Search Images Maps Play YouTube News Gmail Drive More »
Sign in
Screen reader users: click this link for accessible mode. Accessible mode has the same essential features but works better with your reader.

Patents

  1. Advanced Patent Search
Publication numberUS5441591 A
Publication typeGrant
Application numberUS 08/074,515
Publication dateAug 15, 1995
Filing dateJun 7, 1993
Priority dateJun 7, 1993
Fee statusLapsed
Publication number074515, 08074515, US 5441591 A, US 5441591A, US-A-5441591, US5441591 A, US5441591A
InventorsGeorge P. Imthurn, Howard Walker
Original AssigneeThe United States Of America As Represented By The Secretary Of The Navy
Export CitationBiBTeX, EndNote, RefMan
External Links: USPTO, USPTO Assignment, Espacenet
Silicon to sapphire bond
US 5441591 A
Abstract
A method of bonding silicon to sapphire may be performed at room temperature and with no greater pressure than that due to one wafer resting on another. The method comprises the steps of polishing one side of a flat sapphire wafer to a mirror-like surface; polishing one side of a flat silicon wafer to a mirror-like surface; cleaning the wafers and then stacking the wafers so that their corresponding mirror-like surfaces contact. The room temperature bonding that occurs is relatively strong, and the bonded wafers can be handled without danger of their becoming unbonded. If desired, the bonded wafers may be subjected to further processing to further strengthen their bond.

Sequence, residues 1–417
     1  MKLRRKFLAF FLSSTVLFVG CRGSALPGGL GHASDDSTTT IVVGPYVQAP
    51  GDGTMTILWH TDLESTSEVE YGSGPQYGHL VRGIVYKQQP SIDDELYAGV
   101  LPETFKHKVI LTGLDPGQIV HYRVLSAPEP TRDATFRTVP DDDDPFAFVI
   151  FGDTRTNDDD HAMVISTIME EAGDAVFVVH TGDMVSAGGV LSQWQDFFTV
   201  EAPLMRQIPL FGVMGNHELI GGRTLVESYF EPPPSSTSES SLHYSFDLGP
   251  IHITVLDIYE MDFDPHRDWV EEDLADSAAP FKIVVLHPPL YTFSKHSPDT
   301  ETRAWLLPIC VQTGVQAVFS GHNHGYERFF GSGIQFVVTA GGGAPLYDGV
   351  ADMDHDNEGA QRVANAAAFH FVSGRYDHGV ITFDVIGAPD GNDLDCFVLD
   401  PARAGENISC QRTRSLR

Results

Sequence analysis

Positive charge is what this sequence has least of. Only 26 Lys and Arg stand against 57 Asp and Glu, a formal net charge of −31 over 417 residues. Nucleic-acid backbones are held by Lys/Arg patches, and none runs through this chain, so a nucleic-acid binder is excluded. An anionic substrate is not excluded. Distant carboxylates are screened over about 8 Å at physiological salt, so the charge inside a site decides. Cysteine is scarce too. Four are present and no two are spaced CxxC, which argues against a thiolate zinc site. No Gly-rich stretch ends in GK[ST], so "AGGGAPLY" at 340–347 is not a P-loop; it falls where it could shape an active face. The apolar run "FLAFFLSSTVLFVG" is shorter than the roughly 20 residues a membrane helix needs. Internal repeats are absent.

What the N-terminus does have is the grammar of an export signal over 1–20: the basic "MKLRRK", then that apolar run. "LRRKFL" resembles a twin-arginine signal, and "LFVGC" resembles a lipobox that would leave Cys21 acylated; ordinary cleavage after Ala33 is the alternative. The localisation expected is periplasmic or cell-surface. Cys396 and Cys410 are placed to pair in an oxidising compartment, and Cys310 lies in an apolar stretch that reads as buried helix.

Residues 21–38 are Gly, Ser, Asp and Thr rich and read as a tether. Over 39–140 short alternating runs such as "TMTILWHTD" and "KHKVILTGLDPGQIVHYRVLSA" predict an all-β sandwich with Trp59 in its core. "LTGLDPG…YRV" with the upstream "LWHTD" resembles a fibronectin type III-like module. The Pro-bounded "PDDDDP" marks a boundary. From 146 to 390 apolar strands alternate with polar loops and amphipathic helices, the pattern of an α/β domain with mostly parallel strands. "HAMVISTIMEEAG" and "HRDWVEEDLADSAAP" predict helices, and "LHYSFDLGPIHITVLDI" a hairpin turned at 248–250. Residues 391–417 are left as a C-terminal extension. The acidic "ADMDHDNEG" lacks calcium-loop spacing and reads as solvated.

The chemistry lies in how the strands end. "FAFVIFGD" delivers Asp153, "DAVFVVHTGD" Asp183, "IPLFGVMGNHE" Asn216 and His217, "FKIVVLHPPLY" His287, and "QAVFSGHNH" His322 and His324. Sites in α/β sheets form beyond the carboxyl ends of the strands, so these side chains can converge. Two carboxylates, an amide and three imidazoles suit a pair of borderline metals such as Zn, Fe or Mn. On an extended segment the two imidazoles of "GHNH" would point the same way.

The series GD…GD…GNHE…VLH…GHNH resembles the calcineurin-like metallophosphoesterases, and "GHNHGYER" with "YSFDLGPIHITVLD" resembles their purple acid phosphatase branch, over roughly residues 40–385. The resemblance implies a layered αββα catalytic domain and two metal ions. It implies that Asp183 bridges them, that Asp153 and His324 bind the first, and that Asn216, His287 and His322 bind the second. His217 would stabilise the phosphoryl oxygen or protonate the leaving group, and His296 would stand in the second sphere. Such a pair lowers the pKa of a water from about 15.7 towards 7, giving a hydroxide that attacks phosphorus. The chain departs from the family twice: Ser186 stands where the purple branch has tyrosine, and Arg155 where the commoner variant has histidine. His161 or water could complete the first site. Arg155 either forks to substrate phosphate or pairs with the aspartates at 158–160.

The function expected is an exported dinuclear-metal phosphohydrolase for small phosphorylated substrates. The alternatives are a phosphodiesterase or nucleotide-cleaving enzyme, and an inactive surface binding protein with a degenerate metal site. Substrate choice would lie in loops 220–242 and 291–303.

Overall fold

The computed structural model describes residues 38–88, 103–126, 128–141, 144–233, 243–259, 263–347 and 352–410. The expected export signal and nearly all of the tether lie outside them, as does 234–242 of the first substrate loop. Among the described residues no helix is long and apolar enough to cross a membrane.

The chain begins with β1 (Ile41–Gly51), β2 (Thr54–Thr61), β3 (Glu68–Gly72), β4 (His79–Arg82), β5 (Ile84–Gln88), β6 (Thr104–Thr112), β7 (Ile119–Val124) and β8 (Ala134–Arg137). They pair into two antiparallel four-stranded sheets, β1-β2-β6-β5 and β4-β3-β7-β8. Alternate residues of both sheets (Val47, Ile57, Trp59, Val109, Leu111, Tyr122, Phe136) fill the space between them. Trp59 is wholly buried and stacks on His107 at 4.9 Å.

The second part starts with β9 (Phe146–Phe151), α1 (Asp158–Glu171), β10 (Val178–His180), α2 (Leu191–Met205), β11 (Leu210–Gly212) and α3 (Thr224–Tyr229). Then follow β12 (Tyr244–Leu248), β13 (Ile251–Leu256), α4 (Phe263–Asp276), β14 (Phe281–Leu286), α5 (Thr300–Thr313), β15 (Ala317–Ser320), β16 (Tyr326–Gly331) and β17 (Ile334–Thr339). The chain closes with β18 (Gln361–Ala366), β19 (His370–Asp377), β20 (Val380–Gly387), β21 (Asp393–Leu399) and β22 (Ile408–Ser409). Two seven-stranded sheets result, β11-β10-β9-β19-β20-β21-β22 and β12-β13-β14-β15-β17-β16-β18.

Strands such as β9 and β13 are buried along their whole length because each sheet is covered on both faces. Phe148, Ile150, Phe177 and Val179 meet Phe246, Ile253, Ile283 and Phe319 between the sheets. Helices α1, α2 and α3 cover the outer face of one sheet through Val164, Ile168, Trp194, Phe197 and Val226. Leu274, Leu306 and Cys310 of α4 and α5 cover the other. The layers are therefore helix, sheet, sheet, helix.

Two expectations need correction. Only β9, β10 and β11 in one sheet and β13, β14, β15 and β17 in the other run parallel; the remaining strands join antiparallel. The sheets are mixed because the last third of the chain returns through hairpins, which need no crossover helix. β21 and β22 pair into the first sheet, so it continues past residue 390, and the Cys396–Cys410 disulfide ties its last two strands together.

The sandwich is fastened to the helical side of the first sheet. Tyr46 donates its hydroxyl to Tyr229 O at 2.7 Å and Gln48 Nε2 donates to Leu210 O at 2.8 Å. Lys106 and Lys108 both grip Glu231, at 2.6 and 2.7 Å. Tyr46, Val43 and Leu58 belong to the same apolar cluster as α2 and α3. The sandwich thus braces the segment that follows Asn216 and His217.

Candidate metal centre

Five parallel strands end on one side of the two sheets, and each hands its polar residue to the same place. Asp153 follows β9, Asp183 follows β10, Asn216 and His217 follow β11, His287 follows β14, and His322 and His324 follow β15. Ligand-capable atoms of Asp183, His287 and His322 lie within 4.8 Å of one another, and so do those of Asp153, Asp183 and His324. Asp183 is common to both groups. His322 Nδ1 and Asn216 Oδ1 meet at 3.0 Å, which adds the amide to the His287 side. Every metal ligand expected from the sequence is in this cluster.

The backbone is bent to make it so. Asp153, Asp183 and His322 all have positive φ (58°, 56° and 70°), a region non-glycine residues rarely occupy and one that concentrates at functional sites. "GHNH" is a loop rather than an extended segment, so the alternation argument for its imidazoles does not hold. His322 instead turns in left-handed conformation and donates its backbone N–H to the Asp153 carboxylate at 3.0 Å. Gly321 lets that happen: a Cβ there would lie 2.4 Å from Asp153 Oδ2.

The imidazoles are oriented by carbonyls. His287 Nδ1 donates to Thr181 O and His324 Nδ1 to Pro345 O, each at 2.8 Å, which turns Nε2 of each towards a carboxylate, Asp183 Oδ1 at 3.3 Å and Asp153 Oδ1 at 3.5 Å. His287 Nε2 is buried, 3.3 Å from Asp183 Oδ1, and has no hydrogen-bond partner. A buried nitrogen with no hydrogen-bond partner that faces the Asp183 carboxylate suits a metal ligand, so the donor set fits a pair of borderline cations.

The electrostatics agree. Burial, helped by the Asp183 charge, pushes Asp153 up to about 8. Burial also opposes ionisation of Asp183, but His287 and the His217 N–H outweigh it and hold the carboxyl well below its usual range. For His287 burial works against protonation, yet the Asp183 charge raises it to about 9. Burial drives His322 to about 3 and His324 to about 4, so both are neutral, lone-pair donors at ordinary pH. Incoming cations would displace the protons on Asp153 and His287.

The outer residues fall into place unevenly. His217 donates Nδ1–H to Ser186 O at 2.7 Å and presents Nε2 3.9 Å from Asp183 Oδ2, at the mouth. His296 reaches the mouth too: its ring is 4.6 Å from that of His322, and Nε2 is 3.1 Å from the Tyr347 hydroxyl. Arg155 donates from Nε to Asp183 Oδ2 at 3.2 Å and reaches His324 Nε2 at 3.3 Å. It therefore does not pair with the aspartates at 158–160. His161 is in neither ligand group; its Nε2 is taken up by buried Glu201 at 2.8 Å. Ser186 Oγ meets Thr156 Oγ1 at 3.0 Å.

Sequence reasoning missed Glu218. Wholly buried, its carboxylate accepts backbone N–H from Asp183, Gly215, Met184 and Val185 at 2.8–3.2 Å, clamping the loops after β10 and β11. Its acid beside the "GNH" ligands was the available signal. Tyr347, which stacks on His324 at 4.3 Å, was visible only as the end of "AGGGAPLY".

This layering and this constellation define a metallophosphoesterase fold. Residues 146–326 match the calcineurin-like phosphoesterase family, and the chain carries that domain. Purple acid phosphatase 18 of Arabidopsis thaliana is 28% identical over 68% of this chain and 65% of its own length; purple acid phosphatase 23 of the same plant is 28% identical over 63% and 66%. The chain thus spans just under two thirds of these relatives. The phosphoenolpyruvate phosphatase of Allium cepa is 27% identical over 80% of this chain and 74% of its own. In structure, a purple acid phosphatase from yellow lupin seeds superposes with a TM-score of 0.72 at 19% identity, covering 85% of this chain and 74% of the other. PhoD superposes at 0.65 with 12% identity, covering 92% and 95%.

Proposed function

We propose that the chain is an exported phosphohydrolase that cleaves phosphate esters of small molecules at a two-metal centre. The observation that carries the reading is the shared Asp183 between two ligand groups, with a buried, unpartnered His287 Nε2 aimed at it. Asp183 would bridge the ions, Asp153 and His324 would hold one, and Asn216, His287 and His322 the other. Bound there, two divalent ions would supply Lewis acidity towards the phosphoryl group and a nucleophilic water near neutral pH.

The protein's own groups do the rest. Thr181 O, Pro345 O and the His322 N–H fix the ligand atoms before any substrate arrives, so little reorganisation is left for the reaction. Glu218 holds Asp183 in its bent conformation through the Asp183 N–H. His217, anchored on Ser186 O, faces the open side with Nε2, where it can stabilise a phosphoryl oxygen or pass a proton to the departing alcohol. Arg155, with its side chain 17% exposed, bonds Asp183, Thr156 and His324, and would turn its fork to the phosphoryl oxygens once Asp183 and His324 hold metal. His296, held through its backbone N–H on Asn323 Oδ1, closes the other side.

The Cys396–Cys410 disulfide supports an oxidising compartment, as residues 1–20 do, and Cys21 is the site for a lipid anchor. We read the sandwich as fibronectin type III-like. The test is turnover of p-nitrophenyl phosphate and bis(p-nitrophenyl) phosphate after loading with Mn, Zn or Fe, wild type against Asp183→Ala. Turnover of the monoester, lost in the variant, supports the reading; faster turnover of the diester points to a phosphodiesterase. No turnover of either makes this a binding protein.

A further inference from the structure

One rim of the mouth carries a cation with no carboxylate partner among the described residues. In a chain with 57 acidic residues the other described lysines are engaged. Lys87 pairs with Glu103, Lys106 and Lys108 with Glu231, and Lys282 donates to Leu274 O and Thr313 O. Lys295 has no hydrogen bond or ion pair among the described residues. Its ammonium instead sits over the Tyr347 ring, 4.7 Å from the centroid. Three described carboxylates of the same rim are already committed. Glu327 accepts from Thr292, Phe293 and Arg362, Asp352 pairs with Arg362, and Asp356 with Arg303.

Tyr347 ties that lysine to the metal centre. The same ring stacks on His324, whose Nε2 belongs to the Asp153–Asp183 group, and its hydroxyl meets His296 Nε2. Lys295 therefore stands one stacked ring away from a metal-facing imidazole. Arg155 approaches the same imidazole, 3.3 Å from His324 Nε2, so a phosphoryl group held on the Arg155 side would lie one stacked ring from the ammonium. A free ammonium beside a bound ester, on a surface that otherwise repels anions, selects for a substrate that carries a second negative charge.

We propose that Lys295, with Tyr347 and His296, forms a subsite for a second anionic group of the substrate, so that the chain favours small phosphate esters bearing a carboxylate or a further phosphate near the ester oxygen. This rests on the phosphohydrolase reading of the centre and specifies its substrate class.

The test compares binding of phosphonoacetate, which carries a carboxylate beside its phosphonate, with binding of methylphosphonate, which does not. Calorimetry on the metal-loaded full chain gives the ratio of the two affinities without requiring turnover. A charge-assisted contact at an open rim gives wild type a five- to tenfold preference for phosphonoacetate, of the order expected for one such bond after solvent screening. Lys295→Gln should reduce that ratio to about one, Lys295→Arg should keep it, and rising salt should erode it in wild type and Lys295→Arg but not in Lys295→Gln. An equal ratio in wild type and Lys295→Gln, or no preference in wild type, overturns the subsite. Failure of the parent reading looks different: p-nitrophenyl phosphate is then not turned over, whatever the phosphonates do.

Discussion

Images(3)
Previous page
Next page
Claims(14)
What is claimed is:
1. A method for bonding silicon to sapphire without the addition of heat and comprising the steps of:
directly polishing one side of a sapphire wafer to a mirror surface;
directly polishing one side of a silicon wafer to a mirror surface;
cleaning said wafers; and
stacking said wafers so that said mirror surfaces make contact directly without oxide therebetween and without any pressure greater than that due to one wafer resting on another whereby a bond between said silicon wafer and said sapphire wafer is formed.
2. A method according to claim 1 in which the step of cleaning said wafers includes using hydrogen peroxide and ammonium hydroxide.
3. A method according to claim 1 in which said cleaning step is followed by a rinse in de-ionized water followed by a drying step utilizing heated nitrogen.
4. A method according to claim 1 in which said cleaning step further includes using hydrofluoric acid.
5. A method according to claim 4 in which said cleaning step is followed by a rinse in de-ionized water followed by a drying step utilizing heated nitrogen.
6. A method according to claim 1 in which said silicon wafer and said sapphire wafer are not latticed matched.